The year feels like it’s only just begun and already there are new ramen shops popping up all over Sydney. The latest one to open is Ramen O-San, which hails from Kyushu, Japan’s most southwesterly island that encompasses the prefectures of Fukuoka, Okinawa and Nagasaki, amongst others.
Ramen O-San’s Sydney shop is the 7th shop to open, with 5 stores already open in Japan and one store in Cambodia. The soup base here is a shoyu tonkotsu base, made by boiling pork bones down for 10 hours and adding in soy sauce at the end. Most of the ramen on the menu is a tonkotsu-based, however there are some which combine the pork bone broth with a chicken or fish stock.
I opt for the black garlic ramen, which is basically the original tonkotsu ramen with a bit of black garlic thrown in. There’s a streak of black garlic oil on one side of the bowl which is fragrant with garlic flavour and adds another dimension to the tonkotsu soup base.
No Ramen, No Life. It’s pretty much a mantra I live by, as I find myself getting insatiable cravings for ramen every couple of weeks. I was pretty excited to hear about yet another ramen place opening up in the CBD – and run by an ex-Gumshara chef as well! We found ourselves heading over to Yasaka Ramen a few weeks after it had opened to check out what the fuss was about, and to see if chef Takeshi Sekigawa had brought the infamously rich Gumshara tonkotsu broth with him.
The first thing you see when you walk into the restaurant are several takoyaki cast iron moulds where a chef is busily turning the octopus balls to make sure they get just the right amount of crispiness. It’s just as well that they have several of these moulds along one wall of the restaurant as there’s lots of different takoyaki to choose from including wasabi soy, teriyaki sauce with egg salad, and grilled cheese!
We have to order some takoyaki after seeing them being freshly made out the front. The takoyaki are nicely cooked and creamy on the inside, with a touch of ginger and lashings of takoyaki sauce, kewpie mayonnaise and bonito flakes.
But the focus here is, of course, on the ramen. A full page of the menu is dedicated to three variants of thick tonkotsu pork bone broth – tonkotsu shoyu, tonkotsu shio, and tonkotsu miso – with a variety of toppings. The ramen noodles are also made in house and sometimes you can see them being cut into thin strands out the front of the restaurant.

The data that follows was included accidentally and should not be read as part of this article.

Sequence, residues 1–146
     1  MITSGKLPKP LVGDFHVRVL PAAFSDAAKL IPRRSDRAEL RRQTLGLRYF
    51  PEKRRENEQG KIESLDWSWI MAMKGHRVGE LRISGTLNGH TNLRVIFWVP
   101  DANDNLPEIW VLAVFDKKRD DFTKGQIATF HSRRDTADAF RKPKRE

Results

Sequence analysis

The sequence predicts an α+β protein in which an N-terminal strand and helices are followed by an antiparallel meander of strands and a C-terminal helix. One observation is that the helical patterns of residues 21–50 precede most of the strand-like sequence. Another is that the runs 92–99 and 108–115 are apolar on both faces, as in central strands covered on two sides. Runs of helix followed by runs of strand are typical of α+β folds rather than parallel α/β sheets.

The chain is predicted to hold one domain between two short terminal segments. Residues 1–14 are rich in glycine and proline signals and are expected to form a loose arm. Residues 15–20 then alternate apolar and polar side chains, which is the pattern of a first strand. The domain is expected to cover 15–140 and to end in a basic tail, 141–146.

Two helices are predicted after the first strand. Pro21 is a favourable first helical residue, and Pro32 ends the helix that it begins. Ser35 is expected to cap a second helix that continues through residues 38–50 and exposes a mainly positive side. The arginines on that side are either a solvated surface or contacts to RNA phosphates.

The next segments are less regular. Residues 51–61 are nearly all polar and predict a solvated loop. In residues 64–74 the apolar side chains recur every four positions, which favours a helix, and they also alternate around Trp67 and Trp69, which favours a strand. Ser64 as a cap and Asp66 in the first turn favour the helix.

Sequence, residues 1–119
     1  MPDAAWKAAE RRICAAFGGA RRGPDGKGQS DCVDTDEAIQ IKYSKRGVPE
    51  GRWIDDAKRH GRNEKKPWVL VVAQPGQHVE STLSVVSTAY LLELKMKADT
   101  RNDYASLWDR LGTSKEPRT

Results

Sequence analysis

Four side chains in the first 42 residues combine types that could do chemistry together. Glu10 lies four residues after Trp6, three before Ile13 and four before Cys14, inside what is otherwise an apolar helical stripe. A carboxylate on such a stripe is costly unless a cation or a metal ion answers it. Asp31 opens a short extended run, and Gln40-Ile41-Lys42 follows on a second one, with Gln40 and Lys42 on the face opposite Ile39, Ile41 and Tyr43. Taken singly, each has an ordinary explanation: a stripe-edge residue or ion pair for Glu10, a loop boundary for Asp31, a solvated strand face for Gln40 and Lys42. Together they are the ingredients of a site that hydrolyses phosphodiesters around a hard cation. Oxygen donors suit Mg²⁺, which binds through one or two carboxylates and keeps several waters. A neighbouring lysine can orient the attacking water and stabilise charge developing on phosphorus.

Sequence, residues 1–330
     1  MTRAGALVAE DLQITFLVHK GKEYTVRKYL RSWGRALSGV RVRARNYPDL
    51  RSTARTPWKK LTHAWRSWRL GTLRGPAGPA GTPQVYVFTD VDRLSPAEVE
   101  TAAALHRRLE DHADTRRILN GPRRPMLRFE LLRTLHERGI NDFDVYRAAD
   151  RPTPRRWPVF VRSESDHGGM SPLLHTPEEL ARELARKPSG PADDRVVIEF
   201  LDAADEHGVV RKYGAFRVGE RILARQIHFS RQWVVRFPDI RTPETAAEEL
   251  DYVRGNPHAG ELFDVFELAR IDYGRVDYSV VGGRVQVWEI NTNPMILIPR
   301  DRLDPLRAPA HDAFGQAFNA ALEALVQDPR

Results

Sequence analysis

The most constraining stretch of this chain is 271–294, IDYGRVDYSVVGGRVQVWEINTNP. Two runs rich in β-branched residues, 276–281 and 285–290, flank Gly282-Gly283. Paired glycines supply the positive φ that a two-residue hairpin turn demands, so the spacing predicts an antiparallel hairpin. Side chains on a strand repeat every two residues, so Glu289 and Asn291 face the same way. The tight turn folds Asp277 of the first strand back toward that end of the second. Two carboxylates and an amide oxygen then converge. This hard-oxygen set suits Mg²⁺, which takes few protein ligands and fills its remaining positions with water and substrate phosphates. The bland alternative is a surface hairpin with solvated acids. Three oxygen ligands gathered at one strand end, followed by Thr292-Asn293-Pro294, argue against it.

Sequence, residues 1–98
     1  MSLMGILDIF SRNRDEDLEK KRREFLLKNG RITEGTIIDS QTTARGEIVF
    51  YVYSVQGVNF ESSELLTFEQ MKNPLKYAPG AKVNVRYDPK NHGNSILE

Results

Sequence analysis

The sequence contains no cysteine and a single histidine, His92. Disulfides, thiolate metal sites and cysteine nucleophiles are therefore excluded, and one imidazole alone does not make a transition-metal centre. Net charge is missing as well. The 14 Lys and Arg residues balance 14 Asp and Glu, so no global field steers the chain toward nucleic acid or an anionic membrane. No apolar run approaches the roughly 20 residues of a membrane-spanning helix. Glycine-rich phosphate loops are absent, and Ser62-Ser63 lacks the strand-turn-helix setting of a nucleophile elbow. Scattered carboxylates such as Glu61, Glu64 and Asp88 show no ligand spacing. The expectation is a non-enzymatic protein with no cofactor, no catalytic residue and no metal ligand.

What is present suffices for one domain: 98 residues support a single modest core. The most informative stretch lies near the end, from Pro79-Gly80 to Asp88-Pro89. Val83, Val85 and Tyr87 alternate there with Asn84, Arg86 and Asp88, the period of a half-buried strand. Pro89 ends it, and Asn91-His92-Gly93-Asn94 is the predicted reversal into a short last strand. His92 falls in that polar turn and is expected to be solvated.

Back in the day when I knew absolutely nothing about ramen and Sir D hated the stuff, Ichi-ban Boshi was one of the first ramen places I ever visited and blogged about. I remember thinking that the queues outside the restaurant must mean that they’re serving up some pretty good food, but to be honest after my first visit I was not particularly wowed.
Things have changed a lot since then – lots of ramen places have opened up in the last couple of years meaning that I’ve been able to try different types of ramen and just eat a lot more ramen in general! So when I visited Ichi-ban Boshi again armed with my new ramen knowledge, it was quite a different experience
A hot night meant that a cold drink was in order, and while Ichi-ban boshi has sake and Japanese beers on offer, I settled on an iced green tea cappuccino. The milky green tea is topped with an impressive amount of milk foam and raw sugar crystals. The drink also comes with a little jug of sugar syrup which you can add to your drink to adjust the sweetness of it.
We start with the gyoza which we’re told is one of the most popular items on the entree section of the menu. The gyoza are made in house and we can see why they’re so popular – the bottoms are nicely crisped up and the dumpling pastry is rolled out quite thin. The gyoza are served on a soy and vinegar dipping sauce.
I’m a sucker for ox tongue so when we spot this on the menu we have to order it. There’s six pieces of thinly sliced ox tongue which are grilled and served with salt and chilli powder, and a wedge of lemon which is squeezed over the meat. The tongue is a little chewy but the fact that it’s been sliced so thinly means that it’s not at all difficult to eat.
Life has been crazyy! So October (aka Good Food Month) started and it barely registered on my radar until I started hearing and reading stuff about the Night Noodle Markets. Somehow I managed to get my act together and make it out to the first night of the markets, which looked a little something like this around 6pm.
It was crazy-town and after a quick scout of all the stalls it seemed like there were barely any without queues. I did notice that there are more food stalls than last year which is always a good sign. There are also more seating areas and bars scattered around Hyde Park – but don’t let that trick you into thinking that it’s easy to find a seat!
After our recon mission, I’d picked out a handful of stalls that I was keen on getting food from. Hoy Pinoy drew me in with the billowing smoke and smell of grilled meat.
This Melbourne-based Filipino BBQ food stall had huge skewers of chicken and pork belly cooking away on several grills, all the while being basted with sauce.
It’s been a while since my last visit to Ippudo. While the queues are still there and the place is as busy as ever, the menu has expanded from comprising of mainly ramen with a small selection of sides and desserts, to a full blown a la carte menu to cater for everyone’s tastes.
Having such a large menu means that there were more decisions to be made. There was an overwhelming choice of different ramen soup bases, ramen toppings, entrees, salads, more substantial-sized dishes and rice dishes, so it took us a while to decide on what we wanted to eat.
The Ippudo pork buns are pretty much a must-order for me. The juicy grilled pork belly, crispy lettuce and pillowy-soft bun hit all the right notes. There was a nice balance of flavours though I could always do with some extra pork belly!